Reference books for cooking• The Flavor Bible by Karen Page and Andrew Dornenburg, an indispensible guide to learn to cook without recipes — or develop your own. This breaks down how recipes work in terms of flavor pairings and texture affinity, and I turn to it often to get my creative juices flowing.
• On Food and Cooking by Harold McGee, the ultimate reference book if you’re interested in the science of cooking and baking. A newer book I’ve added to my bookshelf in that department is J. Kenji López-Alt’s The Food Lab: it is more recipe-driven and therefore more approachable for the casual reader.
• Larousse Gastronomique: this impressive tome is a must-have if you’re interested in French cuisine. It’s an incredibly thorough encyclopedia of ingredients, dishes, traditions, and techniques, with lots of illustrations and recipes along the way.
• Ratio by Michael Ruhlman, a game-changing and empowering book that reveals the cooking formulas that govern basic preparations, so you can cook ad lib and free yourself from recipes.
• Good Food from KCRW, hosted by Evan Kleiman out of Los Angeles. An entertaining and thoughtful look at food trends and culture from a Californian angle.
• The Food Programme: This high-quality show has been around for over thirty years, and each episode is an in-depth exploration of a particular theme or place.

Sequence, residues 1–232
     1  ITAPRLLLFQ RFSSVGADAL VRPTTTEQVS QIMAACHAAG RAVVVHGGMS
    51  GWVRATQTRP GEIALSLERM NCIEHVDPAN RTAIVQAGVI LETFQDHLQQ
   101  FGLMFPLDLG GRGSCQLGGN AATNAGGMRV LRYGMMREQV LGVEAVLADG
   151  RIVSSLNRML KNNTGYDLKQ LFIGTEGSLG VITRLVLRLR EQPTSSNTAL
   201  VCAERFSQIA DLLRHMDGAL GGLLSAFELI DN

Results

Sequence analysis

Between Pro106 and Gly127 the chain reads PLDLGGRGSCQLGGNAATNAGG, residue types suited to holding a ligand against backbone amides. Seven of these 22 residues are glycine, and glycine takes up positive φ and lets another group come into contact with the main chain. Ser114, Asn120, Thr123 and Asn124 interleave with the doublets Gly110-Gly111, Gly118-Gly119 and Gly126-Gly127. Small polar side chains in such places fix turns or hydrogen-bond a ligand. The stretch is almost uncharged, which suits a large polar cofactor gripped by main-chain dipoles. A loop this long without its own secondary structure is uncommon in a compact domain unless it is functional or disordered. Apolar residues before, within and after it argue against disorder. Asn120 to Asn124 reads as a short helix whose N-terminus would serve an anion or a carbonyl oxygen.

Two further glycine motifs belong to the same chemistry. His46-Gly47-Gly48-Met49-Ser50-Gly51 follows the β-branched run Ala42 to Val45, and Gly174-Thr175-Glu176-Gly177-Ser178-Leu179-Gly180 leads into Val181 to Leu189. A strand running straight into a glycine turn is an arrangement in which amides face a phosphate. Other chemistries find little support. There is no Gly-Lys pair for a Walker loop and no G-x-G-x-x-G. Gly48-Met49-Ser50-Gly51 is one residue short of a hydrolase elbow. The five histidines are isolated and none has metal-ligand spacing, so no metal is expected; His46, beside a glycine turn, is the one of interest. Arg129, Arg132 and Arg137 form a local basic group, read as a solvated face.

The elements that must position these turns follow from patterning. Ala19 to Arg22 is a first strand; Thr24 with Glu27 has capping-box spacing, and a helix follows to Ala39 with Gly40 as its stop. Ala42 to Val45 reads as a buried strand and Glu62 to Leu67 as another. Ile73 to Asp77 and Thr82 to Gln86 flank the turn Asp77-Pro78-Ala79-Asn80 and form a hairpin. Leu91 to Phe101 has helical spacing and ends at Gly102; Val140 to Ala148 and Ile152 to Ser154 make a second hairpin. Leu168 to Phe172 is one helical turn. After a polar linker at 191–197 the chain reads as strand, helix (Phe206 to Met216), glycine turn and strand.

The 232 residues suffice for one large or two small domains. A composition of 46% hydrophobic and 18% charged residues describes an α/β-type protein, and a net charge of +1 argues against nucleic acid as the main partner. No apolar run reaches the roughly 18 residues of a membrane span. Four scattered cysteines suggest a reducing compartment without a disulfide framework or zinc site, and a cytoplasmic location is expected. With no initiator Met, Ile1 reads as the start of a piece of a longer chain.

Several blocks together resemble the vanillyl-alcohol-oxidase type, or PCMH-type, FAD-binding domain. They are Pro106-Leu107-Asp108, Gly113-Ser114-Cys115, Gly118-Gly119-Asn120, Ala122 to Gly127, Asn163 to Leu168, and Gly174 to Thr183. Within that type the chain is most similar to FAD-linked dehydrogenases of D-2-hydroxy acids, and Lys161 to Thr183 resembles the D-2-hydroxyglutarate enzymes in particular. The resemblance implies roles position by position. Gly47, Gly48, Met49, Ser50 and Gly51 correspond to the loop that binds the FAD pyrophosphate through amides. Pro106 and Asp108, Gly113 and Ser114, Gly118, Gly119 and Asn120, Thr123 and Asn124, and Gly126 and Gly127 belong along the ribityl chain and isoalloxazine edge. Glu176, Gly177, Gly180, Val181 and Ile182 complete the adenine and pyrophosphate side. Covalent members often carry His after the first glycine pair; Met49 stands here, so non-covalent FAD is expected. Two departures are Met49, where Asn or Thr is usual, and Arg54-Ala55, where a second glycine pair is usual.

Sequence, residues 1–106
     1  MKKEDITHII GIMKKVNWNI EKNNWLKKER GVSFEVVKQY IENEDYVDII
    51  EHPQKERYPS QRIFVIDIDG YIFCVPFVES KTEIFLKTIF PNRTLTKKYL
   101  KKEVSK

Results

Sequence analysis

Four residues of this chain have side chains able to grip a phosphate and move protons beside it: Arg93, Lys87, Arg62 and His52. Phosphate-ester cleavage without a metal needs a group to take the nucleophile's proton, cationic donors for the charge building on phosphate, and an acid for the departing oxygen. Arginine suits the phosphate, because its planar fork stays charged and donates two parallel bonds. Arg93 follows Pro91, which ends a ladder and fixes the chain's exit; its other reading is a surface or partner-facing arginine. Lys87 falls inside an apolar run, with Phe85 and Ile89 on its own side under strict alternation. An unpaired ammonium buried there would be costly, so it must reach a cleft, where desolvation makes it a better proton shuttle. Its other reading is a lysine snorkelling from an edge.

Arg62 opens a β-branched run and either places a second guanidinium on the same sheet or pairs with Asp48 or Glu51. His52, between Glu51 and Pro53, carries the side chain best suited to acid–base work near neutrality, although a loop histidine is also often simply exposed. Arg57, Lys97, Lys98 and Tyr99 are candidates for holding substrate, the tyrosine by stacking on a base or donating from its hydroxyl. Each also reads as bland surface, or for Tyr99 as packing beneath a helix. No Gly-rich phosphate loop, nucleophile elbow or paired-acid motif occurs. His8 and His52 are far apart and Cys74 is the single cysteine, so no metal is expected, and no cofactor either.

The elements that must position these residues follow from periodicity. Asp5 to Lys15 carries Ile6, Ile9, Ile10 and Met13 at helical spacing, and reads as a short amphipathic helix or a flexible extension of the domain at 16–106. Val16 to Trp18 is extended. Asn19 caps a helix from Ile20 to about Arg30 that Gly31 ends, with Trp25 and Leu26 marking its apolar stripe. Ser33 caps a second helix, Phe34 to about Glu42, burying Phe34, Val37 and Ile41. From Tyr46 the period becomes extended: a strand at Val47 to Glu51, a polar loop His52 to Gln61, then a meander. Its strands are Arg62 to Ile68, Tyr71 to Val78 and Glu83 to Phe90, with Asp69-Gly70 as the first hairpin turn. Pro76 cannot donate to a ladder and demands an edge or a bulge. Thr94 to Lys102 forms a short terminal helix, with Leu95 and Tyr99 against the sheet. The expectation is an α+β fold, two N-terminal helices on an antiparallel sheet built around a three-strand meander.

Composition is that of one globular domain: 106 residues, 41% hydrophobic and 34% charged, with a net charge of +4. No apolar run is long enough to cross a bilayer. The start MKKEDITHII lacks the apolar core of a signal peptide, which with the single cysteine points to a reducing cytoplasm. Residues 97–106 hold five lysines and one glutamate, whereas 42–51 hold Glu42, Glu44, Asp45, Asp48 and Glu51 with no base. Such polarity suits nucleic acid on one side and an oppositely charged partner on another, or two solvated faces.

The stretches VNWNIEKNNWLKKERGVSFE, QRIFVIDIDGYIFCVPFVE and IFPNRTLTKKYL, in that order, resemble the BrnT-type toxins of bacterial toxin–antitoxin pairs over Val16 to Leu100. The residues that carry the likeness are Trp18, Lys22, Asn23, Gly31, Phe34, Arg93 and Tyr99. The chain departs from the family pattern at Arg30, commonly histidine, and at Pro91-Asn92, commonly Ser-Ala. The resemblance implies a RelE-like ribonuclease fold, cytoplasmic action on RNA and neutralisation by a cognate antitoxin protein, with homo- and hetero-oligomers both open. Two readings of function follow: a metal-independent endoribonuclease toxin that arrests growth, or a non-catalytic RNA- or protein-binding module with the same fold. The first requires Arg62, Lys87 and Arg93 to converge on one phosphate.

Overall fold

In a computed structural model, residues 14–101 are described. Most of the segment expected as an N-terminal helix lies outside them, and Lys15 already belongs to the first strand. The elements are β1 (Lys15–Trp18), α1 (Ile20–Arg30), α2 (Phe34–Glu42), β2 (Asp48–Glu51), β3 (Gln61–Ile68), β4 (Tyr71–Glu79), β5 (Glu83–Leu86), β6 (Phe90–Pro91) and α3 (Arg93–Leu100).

• The Splendid Table is an American public radio show “for people who love to eat” (that would be us), hosted by Lynne Rossetto Kasper. Each hour-long show addresses a variety of topics, discussing them with regular contributors and special guests.
• Burnt Toast: The food/cooking podcast from the wonderful Food52 site is full of insights and cool tips.
• On va déguster: Perfect if you’re looking to improve your French! This food-themed radio show is hosted by French food writer François-Régis Gaudry on France Inter. Each episode focuses on a theme or trend, with guests.
Photography• I shoot the pictures on Chocolate & Zucchini with a Nikon D800 DSLR, which I upgraded from the Nikon D300. The lens I use is the Nikon 50mm f/1.8G.
• If you’re looking to improve your food photography skills, the Minimalist Baker’s Food Photography School is for you! It gives you unlimited access to 130+ video courses in which Dana teaches you everything she knows about equipment, composition, lighting, styling, and editing, with plenty of tips and tricks that will accelerate your learning curve.
Blogging• I work with the wonderful Cre8d Design agency for my site design and development. I can’t speak too highly of this brother-and-sister team — their professionalism, their informed advice, their fresh outlook, their responsiveness — and it feels great to have them on my side. If you’re considering a blog design or redesign, fill in their project form and enter the referral code CNZ: this will get you a free copy of Rachel’s ebook 101 Ways to Market Your Website, and one free hour of credit for any ongoing site updates or maintenance when your site is live!